Should You Listen to the “Experts”? One Philosopher’s Quick-Guide

“You have to do your own research instead of believing everything they tell you.” Have you ever heard this online? Do you get tired of hearing this online? I sure have. Whether it’s about vaccines, election results, global warming, or just that one high school acquaintance selling weight loss products, everyone online seems to be the only person that really knows what’s happening. Meanwhile, everyone else is a drone that is just believing everything “they” say. Geesh. When did listening to experts become a sign of a weak intellect? But then, how should we treat the opinion of experts? Why do we listen to what “experts” say? If we do it, there must be a reason.

Fear not. Like every other small and basic question, philosophers have overthought it so you don’t have to. In thinking about this question of expertise, I think the ideas of Linda Zagzebski and Joseph Raz may come in handy (although I’ll admit this version might be a bit scaled back from theirs).[i]

According to them (and to the dismay of people online) there are very good reasons for trusting what the experts say without even thinking about it. When an expert says something, the rational thing to do is to set aside what we might think about the subject and go with what they say. What we should not do is treat expert testimony like any old piece of evidence to be weighed and judged upon.

“Now why on earth would I do that?” you might be asking. To answer this question, Zagzebski and Raz use what they call the Track Record Argument.[ii] This process states that if one’s goal is to arrive at truth, their best shot is to always go with an expert’s assessment. In other words, if you go with what the experts say, you will arrive at truth far more often than if you treat expert testimony like a piece of evidence to be weighed and judged. Let’s look at a few hypotheticals:

Say you are me and you haven’t taken a math class since high school (I’m a philosopher, so, clearly, I don’t need math). I’m presented with a very difficult equation. To help me, I’m given the aid of a mathematician. The mathematician is right 95% of the time, whereas I’m right about 15% of the time. If I just go with the mathematician’s answer every time, I will get the equation right 95% of the time. If I debate whether to go with the mathematician’s answer or my own, I will be right less often. The smart thing is to default to the mathematician. (This assumes of course that the 5% of questions that trip up the mathematician also trip me up, which I take to be a reasonable assumption).

“Okay, yeah, maybe that sounds about right” thinks the skeptic, “but what if the expert is not that reliable?” Let’s take a less precise science, meteorology. Say the weatherman is only right 65% of the time. The same calculations apply. If you go with what the expert says, you’ll be right 65% of the time.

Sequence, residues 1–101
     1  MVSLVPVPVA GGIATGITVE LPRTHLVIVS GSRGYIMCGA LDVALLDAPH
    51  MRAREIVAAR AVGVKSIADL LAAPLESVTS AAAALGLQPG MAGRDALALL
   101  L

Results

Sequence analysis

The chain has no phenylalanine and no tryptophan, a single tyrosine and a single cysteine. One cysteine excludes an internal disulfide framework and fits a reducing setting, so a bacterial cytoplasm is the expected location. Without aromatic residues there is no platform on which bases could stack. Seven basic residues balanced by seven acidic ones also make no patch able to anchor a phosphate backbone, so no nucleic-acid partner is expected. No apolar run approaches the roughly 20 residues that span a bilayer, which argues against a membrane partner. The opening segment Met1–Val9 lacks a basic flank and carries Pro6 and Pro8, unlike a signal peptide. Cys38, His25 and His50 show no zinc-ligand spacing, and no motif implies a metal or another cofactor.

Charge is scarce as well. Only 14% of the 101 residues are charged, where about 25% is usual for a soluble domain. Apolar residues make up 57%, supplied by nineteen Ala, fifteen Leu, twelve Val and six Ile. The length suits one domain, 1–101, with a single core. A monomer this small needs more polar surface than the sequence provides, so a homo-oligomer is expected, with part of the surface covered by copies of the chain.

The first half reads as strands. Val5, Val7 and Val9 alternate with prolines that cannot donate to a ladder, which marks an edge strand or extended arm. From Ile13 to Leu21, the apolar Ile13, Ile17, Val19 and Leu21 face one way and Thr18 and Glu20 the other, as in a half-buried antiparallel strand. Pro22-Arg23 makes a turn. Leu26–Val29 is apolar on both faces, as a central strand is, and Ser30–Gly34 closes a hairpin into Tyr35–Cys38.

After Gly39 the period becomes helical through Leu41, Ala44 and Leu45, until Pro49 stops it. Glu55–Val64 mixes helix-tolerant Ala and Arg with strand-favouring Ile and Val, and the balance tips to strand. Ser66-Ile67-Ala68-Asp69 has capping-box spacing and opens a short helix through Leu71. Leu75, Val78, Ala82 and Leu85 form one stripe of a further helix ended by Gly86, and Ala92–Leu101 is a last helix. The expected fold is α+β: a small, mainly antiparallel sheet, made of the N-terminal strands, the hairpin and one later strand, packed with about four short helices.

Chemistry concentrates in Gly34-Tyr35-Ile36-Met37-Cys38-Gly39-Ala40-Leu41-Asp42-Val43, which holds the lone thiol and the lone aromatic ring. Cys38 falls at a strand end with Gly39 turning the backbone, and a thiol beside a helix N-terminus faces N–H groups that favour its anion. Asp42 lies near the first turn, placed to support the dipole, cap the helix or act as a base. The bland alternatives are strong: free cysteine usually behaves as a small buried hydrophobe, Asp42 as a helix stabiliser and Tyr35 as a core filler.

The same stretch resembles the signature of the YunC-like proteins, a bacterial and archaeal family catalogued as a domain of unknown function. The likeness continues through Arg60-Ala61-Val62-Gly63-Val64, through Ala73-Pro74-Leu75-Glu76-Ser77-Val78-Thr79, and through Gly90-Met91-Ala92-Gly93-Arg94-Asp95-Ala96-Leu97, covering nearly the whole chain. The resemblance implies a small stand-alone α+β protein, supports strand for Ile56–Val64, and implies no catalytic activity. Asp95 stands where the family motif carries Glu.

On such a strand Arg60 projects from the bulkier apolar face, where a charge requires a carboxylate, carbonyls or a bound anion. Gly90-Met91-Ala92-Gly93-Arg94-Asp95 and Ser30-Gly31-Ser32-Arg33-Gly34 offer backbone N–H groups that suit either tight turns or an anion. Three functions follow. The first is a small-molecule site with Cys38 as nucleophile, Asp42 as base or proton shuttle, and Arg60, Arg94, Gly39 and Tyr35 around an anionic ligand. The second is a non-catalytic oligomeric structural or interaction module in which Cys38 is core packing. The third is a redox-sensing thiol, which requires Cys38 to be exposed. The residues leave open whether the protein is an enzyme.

If you go with your own opinion sometimes, you’ll be less accurate. From this, we can conclude that if your goal is being right, it’s rational to default to the expert’s authority.

So, according to Zagzebski and Raz, we listen to experts because they are right more than we are. Honestly, this shouldn’t come as a surprise to anyone. That’s why we take the medicine the doctor gives us, it’s why we listen to attorneys, it’s why we seek help from a professor, etc.

Unfortunately, the same reasoning applies to people we incorrectly identify and trust as experts. As soon as you accept someone as an expert, it becomes rational to believe what they say regardless of what you might think. This is great if you’re right but can be disastrous if wrong. You can probably think of people who have put too much stock into someone not worth listening to. It might have been a sketchy website, weird podcast, online guru, successful businessperson, or any other number of things. But the same reasoning applies. If we take an incorrect source to be an expert, it becomes rational to accept everything they say.

This is something that has helped me understand people with different view than mine. I remember that it is not the case that the other person is crazy and hates me and what I stand for. Perhaps the other person’s journey has led them across experts with different opinions. The other person might be acting perfectly rational, given their circumstances. If anything, all of this teaches me how importance it is to choose the right expert to listen to. Their word carries so much weight within us.

So how do we make sure we are listening to the right expert? I’ll be honest, I’m a philosopher. It’s beyond my purview to give such specific advice. But it probably has to do with research, experience, and maybe a little faith. As we know, “by their fruits ye shall know them.”[iii] Of course, that came from a time before the internet. Today, we can try out expert’s advice in our lives as well as make sure their background checks out. However, whatever you do, don’t pick your experts lightly. They are too important to be taken lightly.

But then again, I’m no expert. You don’t have to believe what I say.

This blog post was written by Pavel Bermudez, Humanities Center Undergraduate Fellow.

[i] See Raz, Joseph. 1988. The Morality of Freedom. Oxford: Clarendon Press, and Zagzebski, Linda. 2012. Epistemic Authority: A Theory of Trust, Authority, and Autonomy in Belief. Oxford: Oxford University Press.

[ii] Lackey, J. 2018. Experts and Peer Disagreement. In M. A. Benton, Knowledge, belief, and God: New insights in religious epistemology (pp. 228-245). New York, NY: Oxford University Press.

[iii] Matthew 7:20

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